This week’s feature is another of the lovely ladies from Charisma+2, Cynthia Leigh. Cynthia Leigh works on a variety of projects as well as rocking her own amazing costumes. Check out her insight on the business, how it feels to work towards making it a profession, and the great costumes she doesn’t quite have time for (come on the Queen from “Brother’s Grimm”…I am pulling for you!)
I wanted to dress up as a character I fell in love with when I first started watching anime, Vampire Princess Miyu. And I felt it’d be a great fit for New Orleans’ first anime convention, and it was a simple enough character to execute given my skill level at the time.
2. How long have you been doing cosplay?
Almost a decade. I got started when I was 19 years old and haven’t looked back since.
3. What is the most expensive costume you have ever done?
Lulu from FFX; she gets more and more elaborate every time. The necklaces and earrings are comprised of freshwater pearls, glass beads, and gemstones. The wig was self-styled and is adorned with hand-crafted hair sticks. The fur is specialty order, the bodice has spring steel boning for support, and each individual belt was purchased from a goodwill store then adhered to the skirt.
4. Are you able to make a living with cosplay? If not, what is your dream job?
Cosplay has granted me the skills, experience, and promotional materials to move into the entertainment industry on a professional level. (Something that, initially, I could never conceive.) Almost every day I use images of my costumes to book paid modeling, costuming, and/or acting work.
I love what I do, and I feel incredibly fortunate to be able to do it for a living. I would like to further expand on my wardrobe career and move into more talent work with the interactive media field.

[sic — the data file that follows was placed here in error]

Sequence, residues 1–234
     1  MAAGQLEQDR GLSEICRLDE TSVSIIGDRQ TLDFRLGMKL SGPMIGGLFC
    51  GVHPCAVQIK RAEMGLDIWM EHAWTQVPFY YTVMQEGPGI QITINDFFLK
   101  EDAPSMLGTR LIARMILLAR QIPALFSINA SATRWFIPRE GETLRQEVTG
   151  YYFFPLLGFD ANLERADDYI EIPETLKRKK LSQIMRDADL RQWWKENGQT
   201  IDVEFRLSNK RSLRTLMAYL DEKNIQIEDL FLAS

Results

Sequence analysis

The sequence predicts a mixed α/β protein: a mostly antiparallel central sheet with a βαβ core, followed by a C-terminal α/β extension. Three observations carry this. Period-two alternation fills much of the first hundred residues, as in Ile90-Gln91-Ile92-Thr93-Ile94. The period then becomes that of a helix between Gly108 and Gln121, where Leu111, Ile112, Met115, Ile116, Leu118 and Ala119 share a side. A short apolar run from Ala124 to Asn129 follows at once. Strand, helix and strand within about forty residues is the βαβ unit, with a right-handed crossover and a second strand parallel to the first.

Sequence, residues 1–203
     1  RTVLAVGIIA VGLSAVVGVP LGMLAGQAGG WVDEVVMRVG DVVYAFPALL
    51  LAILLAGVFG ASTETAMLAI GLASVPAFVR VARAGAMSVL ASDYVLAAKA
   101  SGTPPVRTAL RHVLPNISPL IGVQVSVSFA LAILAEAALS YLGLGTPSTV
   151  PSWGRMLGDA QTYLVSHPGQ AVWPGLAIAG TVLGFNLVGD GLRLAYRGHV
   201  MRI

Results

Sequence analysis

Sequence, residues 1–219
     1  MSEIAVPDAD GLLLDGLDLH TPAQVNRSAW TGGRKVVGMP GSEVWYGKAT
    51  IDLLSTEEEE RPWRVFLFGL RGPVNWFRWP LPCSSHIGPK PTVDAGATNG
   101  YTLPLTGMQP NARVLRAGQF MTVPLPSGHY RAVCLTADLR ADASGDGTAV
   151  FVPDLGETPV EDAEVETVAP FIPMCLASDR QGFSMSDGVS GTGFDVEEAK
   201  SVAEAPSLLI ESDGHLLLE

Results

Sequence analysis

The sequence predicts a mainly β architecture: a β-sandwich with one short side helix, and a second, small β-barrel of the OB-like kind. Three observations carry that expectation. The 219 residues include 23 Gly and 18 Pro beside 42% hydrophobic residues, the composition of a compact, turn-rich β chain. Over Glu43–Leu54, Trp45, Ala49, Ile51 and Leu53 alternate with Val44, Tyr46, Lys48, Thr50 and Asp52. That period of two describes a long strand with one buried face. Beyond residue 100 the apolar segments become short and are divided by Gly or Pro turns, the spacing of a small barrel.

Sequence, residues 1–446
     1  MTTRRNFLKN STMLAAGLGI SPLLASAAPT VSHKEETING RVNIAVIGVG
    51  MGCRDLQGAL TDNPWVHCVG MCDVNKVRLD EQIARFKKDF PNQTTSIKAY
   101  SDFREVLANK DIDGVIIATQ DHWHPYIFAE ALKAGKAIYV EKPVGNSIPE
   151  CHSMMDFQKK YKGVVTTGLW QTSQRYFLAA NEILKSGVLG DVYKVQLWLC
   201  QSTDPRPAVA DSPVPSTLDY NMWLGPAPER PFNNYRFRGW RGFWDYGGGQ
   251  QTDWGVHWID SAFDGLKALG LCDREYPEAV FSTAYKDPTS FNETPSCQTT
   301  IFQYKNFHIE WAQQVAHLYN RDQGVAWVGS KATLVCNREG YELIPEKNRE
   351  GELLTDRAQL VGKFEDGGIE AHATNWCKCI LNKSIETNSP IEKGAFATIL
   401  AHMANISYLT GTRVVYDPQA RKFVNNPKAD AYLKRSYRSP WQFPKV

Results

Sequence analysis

5. Do you have a costume that keeps falling apart at the last minute or do they always execute perfectly? What would you say is the amount of time involved in the costume from inception to unveiling?
Nothing is ever “perfect.” Life happens all the time, it’s about how you deal with it that counts. Measuring twice and cutting once, building doubles, and making mock-ups will always make things easier. I’ve had to build entire wardrobes in days and repair one-of-a-kind runway pieces in hours when doing professional wardrobe. You eventually get used to the stress and take everything in stride.
I’m finding that as my techniques are challenged, that some things are getting quicker, while others are becoming more time consuming. Designing has gone from blissful to annoying as I now tend to over analyze fabric choices and silhouettes. Accessories are taking me longer because I insist on hand-sewing all my hats and personally crafting every piece of jewelry. Sewing is getting quicker because I’m getting better at draping and finishing.
6. How many Cons do you attend a year?
I attend roughly five fan-based conventions as a member of ‘The D20girls Project,’ and occasionally trade shows for Charisma+2.
7. Do you make the pieces from scratch or do you commission your costumes? I would imagine you are contacted by designers that beg you to wear their work…
I’ve never commissioned any of my costumes, though, I will work with “found pieces” if I feel they’re appropriate. Most costumes are custom drafted to fit my proportions.
I would love to do more fashion print work, but I’m petite plus, and most designers don’t make samples in my size. It hasn’t locked me out of doing fit work, but it does make finding traditional modeling gigs more challenging.